Thursday, December 2, 2021

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Michiganders mourn the loss of four students after this week's school shooting at Oxford High School, and SCOTUS Justices signal willingness to back a Mississippi abortion prohibition law.

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The Supreme Court debates abortion rights; Stacey Abrams will again run to be Georgia's governor; and Congress scrambles to avoid a shutdown.

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Seniors in non-urban areas struggle with hunger disproportionately; rural communities make a push for federal money; and Planned Parenthood takes a case to the Montana Supreme Court.

SD Seniors Urged to Research Vaccine Info

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Thursday, February 4, 2021   

PIERRE, S.D. -- As South Dakota moves closer to allowing more seniors to sign up for COVID-19 vaccinations, residents are urged to seek out as much information as possible.

Both the state and a key nonprofit say it helps eliminate confusion and avoid scams.

On Wednesday, the state health department announced beginning Monday next week, those 75 and older will be eligible for vaccinations, down from 80 and older.

South Dakota will keep lowering the age qualification by five years as more supplies come in.

Erik Gaikowski, state director for AARP South Dakota, said it's important to reach out to your local health department or health care provider to know the process.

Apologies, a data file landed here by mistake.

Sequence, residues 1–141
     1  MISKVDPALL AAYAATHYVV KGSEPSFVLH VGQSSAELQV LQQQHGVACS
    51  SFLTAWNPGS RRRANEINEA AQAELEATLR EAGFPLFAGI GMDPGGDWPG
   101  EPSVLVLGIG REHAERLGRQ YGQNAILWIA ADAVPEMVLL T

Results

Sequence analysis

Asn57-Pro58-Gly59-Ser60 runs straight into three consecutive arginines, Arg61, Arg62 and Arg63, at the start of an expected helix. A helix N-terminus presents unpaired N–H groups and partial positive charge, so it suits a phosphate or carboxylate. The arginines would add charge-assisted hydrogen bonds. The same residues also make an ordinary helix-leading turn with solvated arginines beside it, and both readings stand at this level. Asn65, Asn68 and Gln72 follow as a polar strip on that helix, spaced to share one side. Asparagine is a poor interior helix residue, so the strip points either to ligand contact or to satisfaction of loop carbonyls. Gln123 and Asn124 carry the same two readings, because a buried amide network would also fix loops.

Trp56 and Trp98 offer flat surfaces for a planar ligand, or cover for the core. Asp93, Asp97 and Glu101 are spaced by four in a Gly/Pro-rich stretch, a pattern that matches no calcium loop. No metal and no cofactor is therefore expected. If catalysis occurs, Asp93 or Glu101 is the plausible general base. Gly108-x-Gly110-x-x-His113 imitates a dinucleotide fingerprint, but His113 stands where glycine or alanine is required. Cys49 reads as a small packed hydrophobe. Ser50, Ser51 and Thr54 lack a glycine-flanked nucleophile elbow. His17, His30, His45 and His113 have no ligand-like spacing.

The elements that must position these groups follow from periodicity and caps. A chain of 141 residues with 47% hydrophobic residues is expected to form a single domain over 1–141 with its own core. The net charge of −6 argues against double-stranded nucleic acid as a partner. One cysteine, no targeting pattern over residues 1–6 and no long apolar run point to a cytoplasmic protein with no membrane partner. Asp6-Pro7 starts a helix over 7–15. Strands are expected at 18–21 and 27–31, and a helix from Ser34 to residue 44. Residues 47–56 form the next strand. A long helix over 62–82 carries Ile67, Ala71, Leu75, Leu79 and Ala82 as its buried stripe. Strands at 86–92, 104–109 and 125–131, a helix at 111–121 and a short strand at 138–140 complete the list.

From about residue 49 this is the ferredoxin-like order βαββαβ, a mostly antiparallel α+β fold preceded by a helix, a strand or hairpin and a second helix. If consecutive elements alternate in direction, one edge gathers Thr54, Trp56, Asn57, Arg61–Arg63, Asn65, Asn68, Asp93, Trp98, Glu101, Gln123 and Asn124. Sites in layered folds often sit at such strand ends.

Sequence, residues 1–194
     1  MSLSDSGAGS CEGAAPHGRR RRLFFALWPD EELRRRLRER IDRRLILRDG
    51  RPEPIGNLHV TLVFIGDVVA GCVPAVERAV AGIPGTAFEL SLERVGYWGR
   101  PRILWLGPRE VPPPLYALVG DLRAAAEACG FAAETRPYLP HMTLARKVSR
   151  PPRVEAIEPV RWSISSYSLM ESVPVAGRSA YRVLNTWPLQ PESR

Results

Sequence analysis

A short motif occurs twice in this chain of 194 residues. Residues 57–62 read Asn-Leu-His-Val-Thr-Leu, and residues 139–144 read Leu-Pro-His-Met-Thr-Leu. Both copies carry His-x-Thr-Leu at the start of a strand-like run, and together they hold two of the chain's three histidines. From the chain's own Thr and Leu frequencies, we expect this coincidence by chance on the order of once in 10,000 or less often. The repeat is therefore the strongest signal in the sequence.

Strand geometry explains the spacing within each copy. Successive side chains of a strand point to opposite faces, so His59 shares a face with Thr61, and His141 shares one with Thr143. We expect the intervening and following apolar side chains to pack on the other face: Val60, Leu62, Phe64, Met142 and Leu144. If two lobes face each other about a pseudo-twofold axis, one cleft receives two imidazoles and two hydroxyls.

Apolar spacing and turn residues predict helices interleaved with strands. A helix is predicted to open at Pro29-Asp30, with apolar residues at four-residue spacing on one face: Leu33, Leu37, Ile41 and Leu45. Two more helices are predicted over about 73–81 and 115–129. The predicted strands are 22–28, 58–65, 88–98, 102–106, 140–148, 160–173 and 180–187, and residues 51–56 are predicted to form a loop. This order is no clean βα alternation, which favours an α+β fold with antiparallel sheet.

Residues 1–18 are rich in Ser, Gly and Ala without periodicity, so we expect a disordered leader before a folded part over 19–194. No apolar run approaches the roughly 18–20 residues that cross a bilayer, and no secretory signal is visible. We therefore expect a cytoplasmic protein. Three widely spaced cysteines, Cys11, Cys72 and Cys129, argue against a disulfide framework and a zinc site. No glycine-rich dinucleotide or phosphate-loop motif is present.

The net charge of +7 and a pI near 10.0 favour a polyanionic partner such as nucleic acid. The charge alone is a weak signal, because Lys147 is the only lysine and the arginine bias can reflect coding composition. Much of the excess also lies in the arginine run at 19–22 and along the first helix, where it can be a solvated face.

"They're really your one-stop, first stop for getting scheduled for that vaccination," Gaikowski confirmed.

He noted getting information from these sources also can make you less susceptible to vaccine scams, which authorities say are on the rise nationally. Some include asking for money in exchange for a vaccination reservation.

AARP has a list of coronavirus vaccine resources on its website, and the state health department has launched an online tool to help South Dakotans figure out which priority group they are in.

Some states have run into obstacles in distributing their vaccines. National health experts say South Dakota's process has been relatively smooth, in part because of its smaller population.

Gaikowski added it also helps that residents have been generally eager to sign up for a shot, including his group's members.

"Being able to hug their grandkids or see friends and family, attend events, things of that nature, being out in public," Gaikowski outlined. "I think those are all things that are moving people forward in seeking that vaccination."

Opinions of South Dakota's rollout are far different from the decision last year to keep much of the state open for business and not adopt a statewide mask mandate. Many public-health experts said that was a factor in higher case and death totals going into the winter.

Meanwhile, AARP's resource page answers many other questions related to vaccinations for those who choose to get the shots, including any expenses, as well as a timeline between shots.

Disclosure: AARP South Dakota contributes to our fund for reporting on Health Issues, and Senior Issues. If you would like to help support news in the public interest, click here.


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